Best columns: Business
Best Buy bounces back
The New York Times
“Many people, myself included, assumed the entire big-box retail sector would eventually fall under Amazon’s steamroller,” said Kevin Roose. Yet on several recent visits to Best Buy locations, I was “shocked” to find bustling aisles packed with happy customers. “There was a line—a line!—at the checkout counter.” It was a far cry from 2012, when the electronics retailer’s sales were hurting and the CEO was shown the door. How Best Buy has gone from turmoil to turnaround—the stock price has gone up more than 50 percent in the past year—“is a fascinating playbook for companies hoping to survive in the Amazon age.” How’d they do it? By “reshaping nearly every piece of the business.” Best Buy now price-matches all of its competitors, including Amazon, giving customers who come in to try out gadgets a reason to stay in the store. It has overhauled its customer service, retraining workers so that they can answer questions about cutting-edge tech, such as virtual-reality headsets, and expanded its popular Geek Squad service to offer in-home consultations before customers buy big-ticket items. It’s also turned its 1,000-plus stores into pickup and shipping stations, getting packages to customers much faster. The company “isn’t out of the woods yet,” but it’s got momentum. And that’s pretty good when you are going up against Goliath.
The dangers of going driverless
The Washington Post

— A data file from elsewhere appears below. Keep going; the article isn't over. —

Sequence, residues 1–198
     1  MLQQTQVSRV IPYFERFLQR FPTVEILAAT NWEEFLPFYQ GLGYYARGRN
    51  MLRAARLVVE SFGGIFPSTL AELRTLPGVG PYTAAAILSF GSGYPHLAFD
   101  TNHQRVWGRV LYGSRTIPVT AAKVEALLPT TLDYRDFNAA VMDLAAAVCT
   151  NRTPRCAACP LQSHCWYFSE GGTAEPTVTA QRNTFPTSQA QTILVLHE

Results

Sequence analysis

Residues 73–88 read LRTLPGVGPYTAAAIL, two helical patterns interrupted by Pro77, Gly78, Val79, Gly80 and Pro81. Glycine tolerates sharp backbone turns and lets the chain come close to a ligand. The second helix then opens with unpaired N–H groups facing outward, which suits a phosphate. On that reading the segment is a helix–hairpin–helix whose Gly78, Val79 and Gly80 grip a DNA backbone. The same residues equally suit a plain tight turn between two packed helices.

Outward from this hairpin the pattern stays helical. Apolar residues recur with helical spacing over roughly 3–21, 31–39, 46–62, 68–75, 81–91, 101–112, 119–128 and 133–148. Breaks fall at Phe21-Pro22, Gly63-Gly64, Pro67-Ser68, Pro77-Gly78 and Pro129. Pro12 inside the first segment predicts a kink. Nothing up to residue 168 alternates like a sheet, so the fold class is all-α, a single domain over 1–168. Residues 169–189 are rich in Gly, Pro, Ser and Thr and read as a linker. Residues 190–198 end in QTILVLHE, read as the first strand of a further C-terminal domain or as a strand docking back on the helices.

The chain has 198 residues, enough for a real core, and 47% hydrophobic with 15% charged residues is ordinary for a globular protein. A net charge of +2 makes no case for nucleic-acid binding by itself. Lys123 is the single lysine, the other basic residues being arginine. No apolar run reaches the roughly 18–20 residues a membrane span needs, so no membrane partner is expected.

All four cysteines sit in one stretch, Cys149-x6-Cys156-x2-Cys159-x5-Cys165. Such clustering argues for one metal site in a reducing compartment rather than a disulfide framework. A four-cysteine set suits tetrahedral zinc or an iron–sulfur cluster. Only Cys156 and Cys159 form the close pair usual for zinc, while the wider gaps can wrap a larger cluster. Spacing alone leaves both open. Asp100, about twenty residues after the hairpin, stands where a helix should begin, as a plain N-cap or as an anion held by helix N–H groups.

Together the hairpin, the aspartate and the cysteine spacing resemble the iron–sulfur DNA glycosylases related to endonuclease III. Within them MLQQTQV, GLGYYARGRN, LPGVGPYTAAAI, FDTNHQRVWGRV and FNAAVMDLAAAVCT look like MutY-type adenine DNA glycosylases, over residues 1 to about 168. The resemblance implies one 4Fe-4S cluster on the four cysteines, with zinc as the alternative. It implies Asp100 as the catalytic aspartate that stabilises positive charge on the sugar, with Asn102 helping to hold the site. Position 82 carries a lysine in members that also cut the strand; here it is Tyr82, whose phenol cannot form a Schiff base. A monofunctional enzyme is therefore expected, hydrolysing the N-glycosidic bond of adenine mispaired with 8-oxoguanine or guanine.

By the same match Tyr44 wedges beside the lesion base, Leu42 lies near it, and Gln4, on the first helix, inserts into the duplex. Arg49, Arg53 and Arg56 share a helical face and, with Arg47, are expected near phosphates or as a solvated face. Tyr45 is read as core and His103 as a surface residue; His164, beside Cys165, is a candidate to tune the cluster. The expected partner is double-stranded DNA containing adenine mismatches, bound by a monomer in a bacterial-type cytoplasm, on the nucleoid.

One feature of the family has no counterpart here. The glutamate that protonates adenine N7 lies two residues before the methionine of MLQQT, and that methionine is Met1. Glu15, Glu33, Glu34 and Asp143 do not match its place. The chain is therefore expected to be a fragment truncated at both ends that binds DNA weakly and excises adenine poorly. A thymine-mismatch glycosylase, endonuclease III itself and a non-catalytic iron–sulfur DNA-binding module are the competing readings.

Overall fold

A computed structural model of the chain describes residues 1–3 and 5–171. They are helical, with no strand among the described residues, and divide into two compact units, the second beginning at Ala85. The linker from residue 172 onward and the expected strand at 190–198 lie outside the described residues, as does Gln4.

Driverless cars “may not be all they are cracked up to be,” said Robert Samuelson. Both Detroit and Silicon Valley are rushing headlong into developing autonomous car technology, spurred by the hope that it will dramatically reduce fatal traffic accidents and allow commuters to reclaim the billions of hours they collectively spend sitting in traffic each year. That certainly sounds like a “seductive future.” But we are underestimating the grave threat of hacking. Cybercriminals might discover how to hijack the digital controls of these new vehicles, disabling the engine or brakes. Hackers could lock a car remotely and refuse to open the doors until a ransom was paid, in an echo of the recent global ransomware computer attacks. A cyberassault by a hostile nation or terrorist group would be even more serious. “Imagine the chaos if some adversary immobilized 10 percent of the light-vehicle fleet, leaving about 25 million cars and trucks sprawled randomly along roads from Maine to California.” We have consistently downplayed “the dangers posed by the misuse of cybertechnologies,” including with the Russian 2016 election interference and the recent Equifax hack. The more dependent on digital technology we become, the more vulnerable we are to “potentially catastrophic disruptions.” Developing driverless technologies requires extreme caution. “We are weaponizing our cars and trucks for use against us. It’s madness.”